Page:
Russia has called for a renewed end to fighting in the war-torn Syrian city of Aleppo. The announcement came the same day a human rights group criticized the UN for favoring the Syrian government.
Russia's Defense Ministry on Wednesday announced the decision, not long after renewed violence erupted outside of Aleppo in a further reminder of the fragility of previous ceasefire agreements.
"On Russia's initiative, a 'regime of silence' has been introduced in Aleppo for 48 hours from 00:01 16 June (2100 GMT Wednesday) with the goal of lowering the level of armed violence and stabilizing the situation," a ministry statement said. The statement did not say whether Russia discussed the ceasefire with other countries or groups in Syria.
The statement came after US Secretary of State John Kerry called on Russia and Syrian government forces to respect a ceasefire originally agreed upon in February but which has been violated repeatedly by all sides. The State Department confirmed to German news agency DPA that Russia had announced a ceasefire.
"Let me reiterate that the cessation is unlimited by geography or time period," State Department spokeswoman Julia Mason said in an email to DPA. "We are watching closely to see that it can help quell the violence and open humanitarian access to Syrians in desperate need."
"The three rounds of talks were unsuccessful because of the stubbornness of the regime and its continued bombardment and aggressions toward the Syrian people," a member of the Jaish al-Islam rebel group said on Twitter last month.
Ongoing tension between Washington, which backs groups like Jaish al-Islam, and Moscow, which supports the government of President Bashar al-Assad, has cast doubt on the likelihood of a peace deal.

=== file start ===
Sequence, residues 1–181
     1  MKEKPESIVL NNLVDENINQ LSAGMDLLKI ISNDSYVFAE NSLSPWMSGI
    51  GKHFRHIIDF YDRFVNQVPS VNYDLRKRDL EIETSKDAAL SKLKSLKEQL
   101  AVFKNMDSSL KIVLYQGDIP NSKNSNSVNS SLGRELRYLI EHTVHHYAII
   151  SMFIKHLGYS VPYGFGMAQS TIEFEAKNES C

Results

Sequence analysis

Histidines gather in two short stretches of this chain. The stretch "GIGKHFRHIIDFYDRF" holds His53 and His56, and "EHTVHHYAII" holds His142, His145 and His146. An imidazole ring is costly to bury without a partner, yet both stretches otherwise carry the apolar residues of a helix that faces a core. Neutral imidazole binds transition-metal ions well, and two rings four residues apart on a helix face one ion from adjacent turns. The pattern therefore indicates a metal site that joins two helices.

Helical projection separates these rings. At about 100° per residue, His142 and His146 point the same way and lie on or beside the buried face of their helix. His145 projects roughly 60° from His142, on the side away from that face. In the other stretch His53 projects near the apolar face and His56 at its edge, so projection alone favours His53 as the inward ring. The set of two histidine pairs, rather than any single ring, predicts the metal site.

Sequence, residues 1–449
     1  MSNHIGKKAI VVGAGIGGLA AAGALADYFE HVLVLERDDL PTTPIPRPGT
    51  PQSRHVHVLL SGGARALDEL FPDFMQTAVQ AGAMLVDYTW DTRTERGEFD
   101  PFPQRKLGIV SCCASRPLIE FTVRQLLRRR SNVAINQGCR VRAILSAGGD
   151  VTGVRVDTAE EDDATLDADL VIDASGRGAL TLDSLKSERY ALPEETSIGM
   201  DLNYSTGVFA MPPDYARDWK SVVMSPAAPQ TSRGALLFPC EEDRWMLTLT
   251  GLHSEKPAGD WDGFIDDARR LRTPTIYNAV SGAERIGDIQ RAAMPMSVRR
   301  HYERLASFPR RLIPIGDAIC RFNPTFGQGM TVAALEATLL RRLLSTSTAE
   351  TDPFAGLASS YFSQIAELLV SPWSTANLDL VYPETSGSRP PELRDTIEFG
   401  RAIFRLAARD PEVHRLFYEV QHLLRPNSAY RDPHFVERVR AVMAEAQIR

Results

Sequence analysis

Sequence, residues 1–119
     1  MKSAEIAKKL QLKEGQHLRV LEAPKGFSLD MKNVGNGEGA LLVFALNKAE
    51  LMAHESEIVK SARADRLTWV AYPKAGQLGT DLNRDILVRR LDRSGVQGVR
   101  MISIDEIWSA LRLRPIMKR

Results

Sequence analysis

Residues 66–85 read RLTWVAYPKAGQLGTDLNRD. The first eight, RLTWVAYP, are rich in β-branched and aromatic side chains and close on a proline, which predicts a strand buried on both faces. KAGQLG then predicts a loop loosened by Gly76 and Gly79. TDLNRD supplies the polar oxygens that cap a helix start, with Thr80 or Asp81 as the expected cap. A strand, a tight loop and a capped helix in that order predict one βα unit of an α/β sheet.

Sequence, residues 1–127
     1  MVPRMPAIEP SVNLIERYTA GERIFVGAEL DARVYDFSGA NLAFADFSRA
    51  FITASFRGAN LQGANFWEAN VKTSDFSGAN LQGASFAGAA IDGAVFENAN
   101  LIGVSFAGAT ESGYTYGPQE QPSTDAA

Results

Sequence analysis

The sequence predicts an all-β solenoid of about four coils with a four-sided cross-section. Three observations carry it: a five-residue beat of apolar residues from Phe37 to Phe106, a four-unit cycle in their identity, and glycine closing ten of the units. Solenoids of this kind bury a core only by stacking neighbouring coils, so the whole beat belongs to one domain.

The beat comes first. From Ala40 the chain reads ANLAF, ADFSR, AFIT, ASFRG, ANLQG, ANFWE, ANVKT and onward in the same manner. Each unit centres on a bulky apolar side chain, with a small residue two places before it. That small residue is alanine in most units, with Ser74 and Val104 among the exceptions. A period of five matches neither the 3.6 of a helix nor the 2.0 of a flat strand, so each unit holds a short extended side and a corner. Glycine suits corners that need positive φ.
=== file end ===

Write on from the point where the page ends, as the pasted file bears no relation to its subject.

German Foreign Minister Frank-Walter Steinmeier on Wednesday called for renewed efforts in establishing a ceasefire.
"The next period will be one of tough negotiations," he said after meeting with Iranian Foreign Minister Mohammad Javad Zarif in Berlin.
Zarif also said there needed to be a "political solution" to the Syrian war.
Criticism of the UN
Also on Wednesday, a Beirut-based advocacy group criticized the UN for favoring the Syrian government when it came to supplying humanitarian aid.
The Syria Campaign, as the group is called, said the UN "allowed the Syrian government to direct aid from Damascus almost exclusively into it territories." As a consequence, the hundreds of thousand of Syrians in need of aid in territories under bombardment by Assad's forces were going without.
In response, the UN said criticism "discredits the work of national and international humanitarian aid workers."